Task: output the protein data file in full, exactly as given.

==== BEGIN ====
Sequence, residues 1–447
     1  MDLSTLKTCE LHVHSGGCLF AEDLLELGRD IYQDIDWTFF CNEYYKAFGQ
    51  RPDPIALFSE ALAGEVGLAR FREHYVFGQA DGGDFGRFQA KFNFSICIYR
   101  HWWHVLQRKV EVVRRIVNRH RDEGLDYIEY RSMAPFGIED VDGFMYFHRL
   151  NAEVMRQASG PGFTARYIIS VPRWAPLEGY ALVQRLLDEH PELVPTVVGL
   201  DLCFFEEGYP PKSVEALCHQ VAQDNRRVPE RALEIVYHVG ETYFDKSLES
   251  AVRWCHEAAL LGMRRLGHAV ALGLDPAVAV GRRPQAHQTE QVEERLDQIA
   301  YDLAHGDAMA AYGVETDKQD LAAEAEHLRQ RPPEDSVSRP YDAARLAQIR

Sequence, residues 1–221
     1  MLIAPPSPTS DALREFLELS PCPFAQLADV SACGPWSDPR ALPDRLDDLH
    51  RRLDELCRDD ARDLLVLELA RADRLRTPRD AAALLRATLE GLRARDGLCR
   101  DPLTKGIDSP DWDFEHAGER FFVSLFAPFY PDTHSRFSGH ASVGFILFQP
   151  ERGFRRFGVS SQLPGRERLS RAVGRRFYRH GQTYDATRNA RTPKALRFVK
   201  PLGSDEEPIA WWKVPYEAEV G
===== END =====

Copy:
Sequence, residues 1–447
     1  MDLSTLKTCE LHVHSGGCLF AEDLLELGRD IYQDIDWTFF CNEYYKAFGQ
    51  RPDPIALFSE ALAGEVGLAR FREHYVFGQA DGGDFGRFQA KFNFSICIYR
   101  HWWHVLQRKV EVVRRIVNRH RDEGLDYIEY RSMAPFGIED VDGFMYFHRL
   151  NAEVMRQASG PGFTARYIIS VPRWAPLEGY ALVQRLLDEH PELVPTVVGL
   201  DLCFFEEGYP PKSVEALCHQ VAQDNRRVPE RALEIVYHVG ETYFDKSLES
   251  AVRWCHEAAL LGMRRLGHAV ALGLDPAVAV GRRPQAHQTE QVEERLDQIA
   301  YDLAHGDAMA AYGVETDKQD LAAEAEHLRQ RPPEDSVSRP YDAARLAQIR

Sequence, residues 1–221
     1  MLIAPPSPTS DALREFLELS PCPFAQLADV SACGPWSDPR ALPDRLDDLH
    51  RRLDELCRDD ARDLLVLELA RADRLRTPRD AAALLRATLE GLRARDGLCR
   101  DPLTKGIDSP DWDFEHAGER FFVSLFAPFY PDTHSRFSGH ASVGFILFQP
   151  ERGFRRFGVS SQLPGRERLS RAVGRRFYRH GQTYDATRNA RTPKALRFVK
   201  PLGSDEEPIA WWKVPYEAEV G